The Cleveland Indians just announced that they will change their name. The Team spokesperson suggested they would use input from the public to develop a new name. Here we go again!
Public naming contests used to be a reasonable idea. However, today naming contests quickly become an effort to come up with really stupid names, then vote those stupid names into the lead. As a reminder, Boaty McBoatface was the people’s choice in a 2016 contest to name a research ship in the U.K.
CBS Sports came up with a few options that reflect the history of the team: Cleveland Spiders, Cleveland Naps, Cleveland Blues.
Or maybe go with something more current and trendy like the Cleveland Rockers (the Rock and Roll Hall of Fame is a big attraction in Cleveland).
Just don’t expect a public naming contest to generate anything positive…or else your team will be called “The Flaming Cuyahogas.”
Notice the juxtaposition of the Chiefs branding with the “End Racism” end zone printing. The irony in this image is stunning!
In 2020 there has been a strong push for sports teams to change their branding if they are using a Native American name as a team mascot. Earlier this year the Washington Redskins changed to The Washington Football Team (I bet merchandise sales are not big for that moniker).
However, in a recent article on fivethirtyeight.com (https://fivethirtyeight.com/features/hundreds-of-schools-are-still-using-native-americans-as-team-mascots/) Hope Allchin notes that there are some sports teams that are fighting this trend.
Most states allow the use of Native American mascot names. Maine is the only state that banned it. A few years ago the NCAA adopted regulations indicating that teams with “hostile and abusive racial/ethnic/national origin mascots, nicknames or imagery” would be prevented from hosting NCAA championship events and required to use equipment that didn’t display that imagery in championship games. But there is a loophole. The NCAA allows Native American mascot names if the name is supported by a local Indigenous tribe. For example, because a single band of the Seminole tribe — the band that resides in Florida — supports the use of the Seminole mascot, Florida State University can continue its use of the Seminole mascot.
Another example of continued use of Native American mascots is those used by tribal high schools where students are primarily Native Americans. In this instance, Native American mascots serve as cultural identification rather than cultural appropriation. Around 2 percent of Native mascots are used at tribal high schools.
But there are still holdouts such as the Kansas City Chiefs. While the Chiefs have instituted several efforts to reduce the appearance of being racist (e.g., no face painting or wearing of feather headdresses), they are sticking to the Chiefs nickname.
The Washington Redskins were forced to change their name through a combination of political and economic pressure from local politicians, sponsors and advertisers. FedEx, who is the naming rights sponsor of the FedEx Field where The Washington Football Team plays, was a leader in getting ownership to make the change. Until the Chiefs organization receives similar economic pressure from advertisers and sponsors, they will not change. We will see how this plays out!
Is almond milk really milk? It depends.
Ask anyone associated with the US Dairy Industry and the answer is a resounding NO. They’ve sued to stop names like almond milk, oat milk, or soy milk. They would prefer names like “oat drink,” “soy beverage,” and “almond-based dairy alternative.” Those names certainly do not sound appetizing to me!
Ask the producers of plant-based milks and their answer is YES.
The FDA actually has official “standards of identity” that require milk to be “the lacteal secretion, practically free from colostrum, obtained by the complete milking of one or more healthy cows.” However, the FDA refuses to enforce these regulations.
Where do you draw the line? Should fake meat products be allowed to call themselves meat? Should “vegan leather” be allowed to be called leather?
Where do you draw the line?
Every year I do a blog post on the interesting names of minor league baseball teams. How can you not love team names such as the Modesto Nuts (the A League affiliate of the Colorado Rockies) or the Montgomery Biscuits (the AA affiliate of the Tampa Bay Rays)?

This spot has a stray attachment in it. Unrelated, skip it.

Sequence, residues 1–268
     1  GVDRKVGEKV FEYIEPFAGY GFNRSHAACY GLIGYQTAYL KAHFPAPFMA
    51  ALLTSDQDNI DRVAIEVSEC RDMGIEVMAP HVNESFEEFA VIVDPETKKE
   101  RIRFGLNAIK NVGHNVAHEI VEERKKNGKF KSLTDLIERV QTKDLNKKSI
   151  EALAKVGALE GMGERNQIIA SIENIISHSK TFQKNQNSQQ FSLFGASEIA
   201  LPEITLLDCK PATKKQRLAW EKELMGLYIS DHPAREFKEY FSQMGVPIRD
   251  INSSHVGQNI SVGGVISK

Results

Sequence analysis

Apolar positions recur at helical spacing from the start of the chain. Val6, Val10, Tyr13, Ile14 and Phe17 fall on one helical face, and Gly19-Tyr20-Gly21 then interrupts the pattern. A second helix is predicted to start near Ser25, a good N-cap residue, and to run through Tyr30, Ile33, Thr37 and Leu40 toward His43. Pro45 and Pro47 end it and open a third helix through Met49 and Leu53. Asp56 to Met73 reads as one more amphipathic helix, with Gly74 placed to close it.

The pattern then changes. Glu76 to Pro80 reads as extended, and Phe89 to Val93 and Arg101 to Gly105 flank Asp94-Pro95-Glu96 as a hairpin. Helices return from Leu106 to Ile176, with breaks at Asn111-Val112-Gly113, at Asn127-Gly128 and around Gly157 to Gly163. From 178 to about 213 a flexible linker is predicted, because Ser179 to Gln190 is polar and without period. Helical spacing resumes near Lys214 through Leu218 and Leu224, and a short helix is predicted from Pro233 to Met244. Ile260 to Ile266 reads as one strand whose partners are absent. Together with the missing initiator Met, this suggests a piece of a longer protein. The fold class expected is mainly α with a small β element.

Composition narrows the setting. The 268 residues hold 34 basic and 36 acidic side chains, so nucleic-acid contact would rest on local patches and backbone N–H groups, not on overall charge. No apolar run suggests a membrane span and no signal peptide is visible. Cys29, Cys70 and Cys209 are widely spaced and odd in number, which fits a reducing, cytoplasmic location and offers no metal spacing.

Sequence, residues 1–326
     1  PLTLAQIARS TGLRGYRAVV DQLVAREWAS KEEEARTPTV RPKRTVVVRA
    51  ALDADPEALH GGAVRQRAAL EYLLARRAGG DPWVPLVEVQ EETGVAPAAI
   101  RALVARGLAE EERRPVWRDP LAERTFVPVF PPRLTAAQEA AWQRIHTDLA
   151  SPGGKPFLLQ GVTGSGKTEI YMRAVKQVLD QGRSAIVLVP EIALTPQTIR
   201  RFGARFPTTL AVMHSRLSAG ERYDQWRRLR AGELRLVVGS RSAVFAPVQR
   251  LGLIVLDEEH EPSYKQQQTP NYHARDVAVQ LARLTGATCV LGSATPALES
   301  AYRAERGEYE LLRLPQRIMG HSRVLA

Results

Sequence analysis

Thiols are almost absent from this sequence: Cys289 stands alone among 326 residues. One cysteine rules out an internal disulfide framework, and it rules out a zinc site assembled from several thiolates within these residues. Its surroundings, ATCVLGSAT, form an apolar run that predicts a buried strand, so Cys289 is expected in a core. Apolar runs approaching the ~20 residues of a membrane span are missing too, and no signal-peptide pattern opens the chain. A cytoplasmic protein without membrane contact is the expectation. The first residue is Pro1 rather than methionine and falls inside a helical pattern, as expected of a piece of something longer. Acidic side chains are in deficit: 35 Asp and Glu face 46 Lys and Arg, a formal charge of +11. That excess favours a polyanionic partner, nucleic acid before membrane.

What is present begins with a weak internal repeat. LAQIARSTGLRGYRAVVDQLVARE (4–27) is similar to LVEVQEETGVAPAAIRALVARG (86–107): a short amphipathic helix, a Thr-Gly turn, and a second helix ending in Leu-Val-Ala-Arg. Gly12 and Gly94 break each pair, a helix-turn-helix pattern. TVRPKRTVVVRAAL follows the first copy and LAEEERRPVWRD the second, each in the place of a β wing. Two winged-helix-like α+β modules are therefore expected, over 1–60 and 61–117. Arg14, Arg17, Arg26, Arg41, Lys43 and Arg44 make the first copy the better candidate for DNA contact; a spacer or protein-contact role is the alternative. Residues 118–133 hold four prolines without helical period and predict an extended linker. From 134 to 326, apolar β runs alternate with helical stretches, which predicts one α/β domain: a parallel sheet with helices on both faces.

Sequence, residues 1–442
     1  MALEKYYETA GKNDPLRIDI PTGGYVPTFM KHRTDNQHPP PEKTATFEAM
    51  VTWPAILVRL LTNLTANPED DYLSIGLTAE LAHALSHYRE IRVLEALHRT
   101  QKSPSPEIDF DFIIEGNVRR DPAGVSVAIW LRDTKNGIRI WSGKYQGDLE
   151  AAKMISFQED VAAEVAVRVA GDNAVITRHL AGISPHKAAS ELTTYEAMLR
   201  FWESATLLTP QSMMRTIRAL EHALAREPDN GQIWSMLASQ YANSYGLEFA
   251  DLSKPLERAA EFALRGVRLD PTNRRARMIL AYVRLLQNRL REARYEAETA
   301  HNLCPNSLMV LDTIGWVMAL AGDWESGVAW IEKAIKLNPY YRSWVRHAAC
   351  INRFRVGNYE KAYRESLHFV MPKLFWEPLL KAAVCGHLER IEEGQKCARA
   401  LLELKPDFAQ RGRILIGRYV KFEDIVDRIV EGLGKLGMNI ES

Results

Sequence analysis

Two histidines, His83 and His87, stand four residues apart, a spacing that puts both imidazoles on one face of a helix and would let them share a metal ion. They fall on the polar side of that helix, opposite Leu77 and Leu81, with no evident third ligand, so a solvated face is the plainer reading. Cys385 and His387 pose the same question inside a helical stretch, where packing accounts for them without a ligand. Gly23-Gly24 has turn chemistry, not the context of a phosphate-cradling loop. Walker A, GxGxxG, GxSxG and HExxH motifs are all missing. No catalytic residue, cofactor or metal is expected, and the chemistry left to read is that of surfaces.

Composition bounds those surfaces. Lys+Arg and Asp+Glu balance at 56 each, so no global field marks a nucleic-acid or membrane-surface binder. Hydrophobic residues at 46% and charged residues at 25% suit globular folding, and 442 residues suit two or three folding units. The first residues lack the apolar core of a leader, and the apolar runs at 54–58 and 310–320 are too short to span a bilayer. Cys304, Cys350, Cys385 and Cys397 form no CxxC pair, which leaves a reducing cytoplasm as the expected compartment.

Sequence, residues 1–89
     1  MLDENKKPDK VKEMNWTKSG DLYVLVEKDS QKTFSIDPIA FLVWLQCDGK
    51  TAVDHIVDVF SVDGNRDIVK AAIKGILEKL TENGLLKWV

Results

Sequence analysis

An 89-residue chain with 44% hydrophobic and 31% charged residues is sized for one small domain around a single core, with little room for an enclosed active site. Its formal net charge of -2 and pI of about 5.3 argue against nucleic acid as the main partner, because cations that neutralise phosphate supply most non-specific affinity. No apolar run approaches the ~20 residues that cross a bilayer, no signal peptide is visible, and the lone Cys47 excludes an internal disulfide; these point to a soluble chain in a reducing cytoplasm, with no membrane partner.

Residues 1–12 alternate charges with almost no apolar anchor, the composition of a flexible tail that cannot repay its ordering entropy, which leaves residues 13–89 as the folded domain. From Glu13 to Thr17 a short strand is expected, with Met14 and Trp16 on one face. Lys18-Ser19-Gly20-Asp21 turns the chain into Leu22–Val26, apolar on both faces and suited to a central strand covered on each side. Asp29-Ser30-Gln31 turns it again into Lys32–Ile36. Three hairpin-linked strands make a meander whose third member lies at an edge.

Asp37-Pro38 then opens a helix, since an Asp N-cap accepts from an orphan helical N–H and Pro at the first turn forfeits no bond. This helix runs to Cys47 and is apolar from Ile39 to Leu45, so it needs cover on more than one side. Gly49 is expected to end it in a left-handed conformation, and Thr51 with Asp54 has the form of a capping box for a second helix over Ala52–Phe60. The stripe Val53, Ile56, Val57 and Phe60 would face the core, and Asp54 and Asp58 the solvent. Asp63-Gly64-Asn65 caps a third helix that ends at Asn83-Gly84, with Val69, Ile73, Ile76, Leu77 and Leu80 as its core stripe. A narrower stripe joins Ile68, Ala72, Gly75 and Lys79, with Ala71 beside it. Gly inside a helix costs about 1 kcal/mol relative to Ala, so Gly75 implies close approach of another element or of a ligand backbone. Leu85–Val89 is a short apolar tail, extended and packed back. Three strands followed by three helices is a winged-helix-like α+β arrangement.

This year I expanded my search globally and discovered baseball team names in Japan.
And I found the Hokkaido Nippon Ham Fighters. The idea of hams fighting was very intriguing – I mean what would their team logo design be?
But as I researched the name I discovered it was named after Nippon Ham, a major Japanese food processing company.
In Japan, professional baseball teams aren’t known by the city, as in the United States (e.g., New York Yankees). They carry the names of the companies that own them. So the official name is:
• Hokkaido – the northernmost of Japan’s main islands
• Nippon-Ham – the corporate owner
• Fighters – the team nickname
As an aside, the “Fighters” nickname came from a naming contest. A female high school student submitted the winning name, arguing that one of the team’s best players had guts and therefore was a “fighter.”
Other team names in the Nippon Professional Baseball league include:
• Tokyo Yakult Swallows – Yakult is a probiotic drink
• Fukuoka SoftBank Hawks – SoftBank is a telecommunications company
• Tohoku Rakuten Golden Eagles – Rakuten, Inc. is an online retailing company
If you want to see how baseball team names have evolved in Japan, check out this team name history project on Reddit: https://www.reddit.com/r/NPB/comments/4ffsa2/npb_team_name_history_project/
Could this naming format work in the US? Not really, as most Major League Baseball Teams in the US are owned by billionaires, not companies. Face it, the John Henry Red Sox or Hal Steinbrenner Yankees doesn’t have the same feeling as the Boston Red Sox or the New York Yankees.
In 2013, Burger King decided to take on McDonald’s famous French fries by launching a healthier alternative…Satisfries®. The Burger King fries were cooked in a less porous batter which resulted in less oil absorbed. This enabled Burger King to claim that Satisfries were healthier because they contained 40% less fat and 30% less calories than traditional french fries.
Satisfies were more expensive than regular french fries, costing $1.89 per serving versus $1.59. Yes, it is customary for healthier items to cost more than regular items, so perhaps the higher price was expected.
Nevertheless, the product failed and was gone in less than a year. What went wrong? Was this a branding fail or a marketing fail?
As a branding expert, I first look to the name. Is Satisfries a good name or a bad name? Personally, I like the name because it combines the idea of satisfies and fries, and for me French fries are very satisfying! If the product actually delivered on a more satisfying taste, then perhaps it would have been a good name.